The price of natural gas has gone along for the ride lower with oil. Natural gas finished 2015 at $2.3370 per million Btus. It fell 19.11% in 2015 and as of January 20, 2015, the price had traded to lows of $2.067, down 11.6% so far this year. Natural gas traded to the lowest level since 1999 in December, and crude oil is currently flirting with 2003 lows. To say that the energy sector is weak would be an understatement.
Gold's strength is relative
While virtually all commodity prices have been weak and falling like stones, gold has been falling like a feather. In fact, so far in 2016, the price has actually moved higher. Gold is down significantly from the 2011 highs of just above $1920 per ounce. In 2015, the price of the yellow metal fell 10.46% and finished the year at $1060.20 per ounce. While most commodity prices have moved lower over the first weeks of 2016, the price of gold has bucked that trend. The daily chart of COMEX gold highlights that the price has appreciated by just under 3.8% as of January 20, 2016. Uncertainty across all asset classes has caused a flight to quality, and gold has been the recipient.
The higher gold price over recent weeks has exacerbated the divergence between the yellow metal and other precious metals and commodities in general. The silver-gold ratio, which has traded at an average of around 55:1 over the past 40 years is currently around 77.4:1. Platinum, a precious metal rarer than gold, traditionally trades at a premium to gold. However, it made a series of new all-time lows against gold in early 2016 and is currently at a $280 discount to the yellow metal. Platinum, or "rich man's gold," is no longer that now that it is cheaper. These stark divergences have occurred within the precious metals arena. Gold is also trading at a high value versus other commodity prices on a relative basis. It is expensive against grains, metals, energy and minerals.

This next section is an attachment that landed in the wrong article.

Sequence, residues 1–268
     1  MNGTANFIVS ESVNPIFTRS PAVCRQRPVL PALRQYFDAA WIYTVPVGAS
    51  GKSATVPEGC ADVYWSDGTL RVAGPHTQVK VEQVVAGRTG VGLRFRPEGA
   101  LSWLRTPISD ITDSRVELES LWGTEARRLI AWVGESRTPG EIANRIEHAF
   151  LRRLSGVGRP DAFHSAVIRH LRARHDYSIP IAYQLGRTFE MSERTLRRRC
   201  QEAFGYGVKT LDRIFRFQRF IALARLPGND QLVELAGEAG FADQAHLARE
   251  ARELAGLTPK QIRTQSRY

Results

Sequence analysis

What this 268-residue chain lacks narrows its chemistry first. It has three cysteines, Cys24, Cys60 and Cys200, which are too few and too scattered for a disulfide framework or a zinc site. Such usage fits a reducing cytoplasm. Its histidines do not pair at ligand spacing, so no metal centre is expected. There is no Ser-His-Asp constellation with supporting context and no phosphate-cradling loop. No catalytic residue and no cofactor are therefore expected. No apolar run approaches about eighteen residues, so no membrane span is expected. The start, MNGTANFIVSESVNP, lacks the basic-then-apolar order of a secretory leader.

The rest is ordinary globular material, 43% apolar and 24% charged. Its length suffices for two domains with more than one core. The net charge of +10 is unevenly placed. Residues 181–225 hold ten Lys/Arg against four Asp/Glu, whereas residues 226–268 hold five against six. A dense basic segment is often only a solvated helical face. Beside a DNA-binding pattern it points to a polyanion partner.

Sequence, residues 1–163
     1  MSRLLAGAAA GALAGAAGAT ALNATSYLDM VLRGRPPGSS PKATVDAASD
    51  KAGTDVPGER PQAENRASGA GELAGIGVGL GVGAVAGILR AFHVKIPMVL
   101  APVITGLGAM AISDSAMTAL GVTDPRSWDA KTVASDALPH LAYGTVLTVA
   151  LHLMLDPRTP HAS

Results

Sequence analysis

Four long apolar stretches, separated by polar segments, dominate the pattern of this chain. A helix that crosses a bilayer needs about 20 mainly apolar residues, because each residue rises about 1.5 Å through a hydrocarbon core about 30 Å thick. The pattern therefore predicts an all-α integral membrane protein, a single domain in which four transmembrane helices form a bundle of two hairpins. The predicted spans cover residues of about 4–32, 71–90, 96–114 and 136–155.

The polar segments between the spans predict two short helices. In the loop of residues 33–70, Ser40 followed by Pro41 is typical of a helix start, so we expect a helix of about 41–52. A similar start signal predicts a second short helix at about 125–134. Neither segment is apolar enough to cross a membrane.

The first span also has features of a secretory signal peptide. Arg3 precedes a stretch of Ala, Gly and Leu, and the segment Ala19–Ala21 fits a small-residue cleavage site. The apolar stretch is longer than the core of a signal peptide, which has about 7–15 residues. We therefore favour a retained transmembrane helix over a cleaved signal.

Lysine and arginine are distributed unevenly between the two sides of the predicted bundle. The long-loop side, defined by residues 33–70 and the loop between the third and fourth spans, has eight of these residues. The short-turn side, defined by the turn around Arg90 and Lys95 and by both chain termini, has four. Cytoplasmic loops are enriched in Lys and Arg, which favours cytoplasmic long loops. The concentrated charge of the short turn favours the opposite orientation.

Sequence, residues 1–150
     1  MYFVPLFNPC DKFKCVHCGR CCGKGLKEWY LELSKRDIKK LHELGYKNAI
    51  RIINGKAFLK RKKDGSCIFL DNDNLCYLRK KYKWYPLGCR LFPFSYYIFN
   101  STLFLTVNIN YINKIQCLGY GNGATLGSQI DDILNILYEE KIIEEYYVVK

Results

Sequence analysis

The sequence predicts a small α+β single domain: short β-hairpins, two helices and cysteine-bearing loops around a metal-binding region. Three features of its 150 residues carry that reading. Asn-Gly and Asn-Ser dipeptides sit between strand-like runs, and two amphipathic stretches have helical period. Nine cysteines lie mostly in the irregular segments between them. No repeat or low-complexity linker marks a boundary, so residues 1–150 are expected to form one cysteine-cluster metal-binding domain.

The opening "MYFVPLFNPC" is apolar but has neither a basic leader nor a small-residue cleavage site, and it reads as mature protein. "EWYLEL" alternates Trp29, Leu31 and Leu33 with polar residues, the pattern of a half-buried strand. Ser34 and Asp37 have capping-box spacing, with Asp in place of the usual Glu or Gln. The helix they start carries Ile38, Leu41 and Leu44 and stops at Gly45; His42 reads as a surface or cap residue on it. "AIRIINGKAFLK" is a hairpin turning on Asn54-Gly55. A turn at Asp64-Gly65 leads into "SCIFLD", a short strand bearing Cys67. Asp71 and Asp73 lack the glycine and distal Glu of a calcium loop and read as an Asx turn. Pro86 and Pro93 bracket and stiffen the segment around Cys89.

The relative value of gold versus other raw materials is a testament to the strength of gold. Last week I wrote a piece for Seeking Alpha, Gold: Strong But Weak; in that article I explained that gold remains strong but the price action over more than four years is anything but that. A volatile market is fertile ground for divergence; in the case of gold, its relative strength could be an opportunity for mean reversion trades in the months and years ahead.